Bird Screen: Wire mesh installed over vents or other openings to prevent birds from entering a building or roof cavity.
Bitumen: Any of various flammable mixtures of hydrocarbons and other substances, whether occurring naturally or obtained by distillation from coal or petroleum, that are a component of asphalt and are used for roofing and waterproofing, as well as for surfacing roads.
Blind-Nailing: The use of nails so that they are not exposed to the weather in the finished roofing system. See Back-Nailing
Blister: A pocket of air or water vapor trapped between layers of roofing felt or membrane.
Blocking: Pieces of wood that are built into a roof assembly to stiffen the deck around an opening, support a curb, or to serve as nailers for the attachment of membranes or flashings.
Blown Asphalt: See Air Blown Asphalt.
Blueberry: A small bubble found in the flood coat of an aggregate-surfaced built-up roof. See also Tar Boil.
Boot: A piece of preformed material designed to protect roof penetrations from dirt, moisture and other foreign and/or damaging substances.
Brooming: Embedding a ply of roofing material into hot bitumen or adhesive by using a broom, squeegee, or other piece of equipment to eliminate voids and help ensure adhesion.
Built-Up Roof: A roof membrane consisting of layers of bitumen, which serves as the waterproofing component, with plies of reinforcement fabric installed between each layer. The reinforcement material can consist of bitumen-saturated felt, coated felt, polyester felt or other fabrics. A surfacing is generally applied to complete the roof system. Common surfacings include asphalt, aggregate, emulsion and granule-surfaced cap sheets.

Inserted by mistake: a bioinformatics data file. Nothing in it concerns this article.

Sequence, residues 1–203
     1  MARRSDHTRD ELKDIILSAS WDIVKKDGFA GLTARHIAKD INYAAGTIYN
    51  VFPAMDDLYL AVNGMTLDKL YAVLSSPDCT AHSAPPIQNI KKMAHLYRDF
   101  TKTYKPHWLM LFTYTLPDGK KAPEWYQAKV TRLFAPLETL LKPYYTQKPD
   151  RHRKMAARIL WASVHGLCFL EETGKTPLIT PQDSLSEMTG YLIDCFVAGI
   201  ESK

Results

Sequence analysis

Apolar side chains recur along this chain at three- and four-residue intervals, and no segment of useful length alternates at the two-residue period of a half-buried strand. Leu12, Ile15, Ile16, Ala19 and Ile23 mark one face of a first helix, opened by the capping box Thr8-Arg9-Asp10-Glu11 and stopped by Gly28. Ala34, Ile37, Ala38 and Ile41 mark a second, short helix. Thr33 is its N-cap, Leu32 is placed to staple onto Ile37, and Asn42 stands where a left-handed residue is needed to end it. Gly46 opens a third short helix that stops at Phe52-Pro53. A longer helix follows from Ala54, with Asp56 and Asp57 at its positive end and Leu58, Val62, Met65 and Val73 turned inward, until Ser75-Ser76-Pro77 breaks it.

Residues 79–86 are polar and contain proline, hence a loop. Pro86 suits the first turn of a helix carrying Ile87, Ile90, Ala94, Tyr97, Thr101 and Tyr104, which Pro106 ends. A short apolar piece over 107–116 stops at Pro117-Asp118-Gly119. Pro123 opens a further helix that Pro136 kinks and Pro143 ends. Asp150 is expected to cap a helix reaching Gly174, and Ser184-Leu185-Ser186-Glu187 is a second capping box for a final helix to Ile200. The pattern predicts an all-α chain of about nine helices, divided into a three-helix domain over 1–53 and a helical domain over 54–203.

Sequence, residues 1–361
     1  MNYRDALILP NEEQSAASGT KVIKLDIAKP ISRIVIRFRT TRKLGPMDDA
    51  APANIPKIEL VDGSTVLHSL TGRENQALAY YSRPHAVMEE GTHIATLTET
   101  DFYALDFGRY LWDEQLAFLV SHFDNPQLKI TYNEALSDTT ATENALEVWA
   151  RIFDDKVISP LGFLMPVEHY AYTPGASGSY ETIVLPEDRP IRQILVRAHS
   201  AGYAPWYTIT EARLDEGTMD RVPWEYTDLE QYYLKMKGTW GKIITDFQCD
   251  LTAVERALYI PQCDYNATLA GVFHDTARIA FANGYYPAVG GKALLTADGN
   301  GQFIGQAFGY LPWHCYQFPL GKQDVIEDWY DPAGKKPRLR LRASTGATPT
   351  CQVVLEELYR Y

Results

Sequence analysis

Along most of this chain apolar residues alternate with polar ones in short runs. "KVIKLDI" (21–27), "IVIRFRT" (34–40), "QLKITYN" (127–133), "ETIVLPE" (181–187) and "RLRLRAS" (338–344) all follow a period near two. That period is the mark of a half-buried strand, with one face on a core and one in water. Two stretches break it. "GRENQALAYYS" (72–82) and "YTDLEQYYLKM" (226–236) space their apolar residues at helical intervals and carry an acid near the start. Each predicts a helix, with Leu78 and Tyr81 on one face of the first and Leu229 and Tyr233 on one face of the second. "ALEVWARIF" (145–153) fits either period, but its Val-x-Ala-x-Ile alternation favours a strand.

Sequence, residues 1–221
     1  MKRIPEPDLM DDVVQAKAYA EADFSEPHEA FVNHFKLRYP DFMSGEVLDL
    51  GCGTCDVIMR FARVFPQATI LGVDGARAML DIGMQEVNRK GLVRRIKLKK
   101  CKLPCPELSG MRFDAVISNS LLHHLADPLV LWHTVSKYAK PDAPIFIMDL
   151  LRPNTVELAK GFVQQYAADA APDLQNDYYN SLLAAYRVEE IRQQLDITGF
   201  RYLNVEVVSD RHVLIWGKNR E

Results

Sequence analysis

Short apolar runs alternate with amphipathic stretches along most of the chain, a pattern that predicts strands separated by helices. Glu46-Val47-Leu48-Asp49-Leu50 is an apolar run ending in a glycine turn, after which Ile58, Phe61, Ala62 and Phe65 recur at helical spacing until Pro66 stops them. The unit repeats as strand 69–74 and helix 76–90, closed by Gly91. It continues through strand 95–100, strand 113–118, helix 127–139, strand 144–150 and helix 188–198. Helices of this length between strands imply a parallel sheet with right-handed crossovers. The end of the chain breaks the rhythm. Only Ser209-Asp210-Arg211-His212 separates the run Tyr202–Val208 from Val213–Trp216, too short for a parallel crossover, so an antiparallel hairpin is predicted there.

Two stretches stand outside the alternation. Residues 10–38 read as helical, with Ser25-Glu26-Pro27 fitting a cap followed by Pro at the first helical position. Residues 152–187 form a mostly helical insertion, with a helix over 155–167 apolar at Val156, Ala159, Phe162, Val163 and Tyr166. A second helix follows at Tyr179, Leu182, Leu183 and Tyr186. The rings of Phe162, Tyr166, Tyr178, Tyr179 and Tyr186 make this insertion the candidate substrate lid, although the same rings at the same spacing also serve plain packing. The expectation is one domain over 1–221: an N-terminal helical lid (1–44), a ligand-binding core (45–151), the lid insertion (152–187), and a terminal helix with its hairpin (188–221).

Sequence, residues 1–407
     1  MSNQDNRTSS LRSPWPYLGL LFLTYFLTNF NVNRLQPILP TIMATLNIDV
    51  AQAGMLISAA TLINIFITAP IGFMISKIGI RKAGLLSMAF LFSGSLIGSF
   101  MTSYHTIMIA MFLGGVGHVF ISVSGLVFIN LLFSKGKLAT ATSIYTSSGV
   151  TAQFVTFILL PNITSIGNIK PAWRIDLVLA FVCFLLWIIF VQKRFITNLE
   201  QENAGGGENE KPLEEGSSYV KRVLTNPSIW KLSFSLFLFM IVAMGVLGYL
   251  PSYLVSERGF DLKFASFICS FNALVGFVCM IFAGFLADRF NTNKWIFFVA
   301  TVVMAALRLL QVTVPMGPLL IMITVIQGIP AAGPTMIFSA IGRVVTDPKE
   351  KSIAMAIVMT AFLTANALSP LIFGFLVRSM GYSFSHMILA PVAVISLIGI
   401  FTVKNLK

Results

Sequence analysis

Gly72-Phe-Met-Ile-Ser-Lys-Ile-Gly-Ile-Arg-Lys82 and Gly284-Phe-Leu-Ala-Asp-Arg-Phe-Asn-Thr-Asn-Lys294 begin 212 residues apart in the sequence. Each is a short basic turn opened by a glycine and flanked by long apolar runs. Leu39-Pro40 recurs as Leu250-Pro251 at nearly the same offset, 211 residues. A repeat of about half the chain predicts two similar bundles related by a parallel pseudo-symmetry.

Bundle: An individual package of shingles or shakes.
BUR: An acronym for Built-Up Roof.
Butt Joint: Where two separate, adjacent pieces of material abut.
Cant Strip: A triangular-shaped strip of material used to ease the transition from a horizontal plane to a vertical plane. Cant strips can be made of wood, wood fiber, perlite or other materials.
Cap Flashing: A material used to cover the top edge of base flashings or other flashings. (See also Coping.)
Cap Sheet: A granule-surfaced membrane often used as the top ply of BUR or modified bitumen roof systems.
Caulk: A material with no elastomeric properties that is used for sealing joints.
Caulking: The act of sealing a joint.
Cellulose: A complex carbohydrate that is the main constituent of the cell wall in most plants, and is used in the manufacturing of organic roofing materials.
Chopped Glass and Emulsion (CG&E): A roof coating that consists of asphalt or clay emulsion and glass fiber reinforcement.
Cladding: A material used to cover the exterior wall of a building.
Cleat: A continuous metal strip used to secure two or more metal roof components together.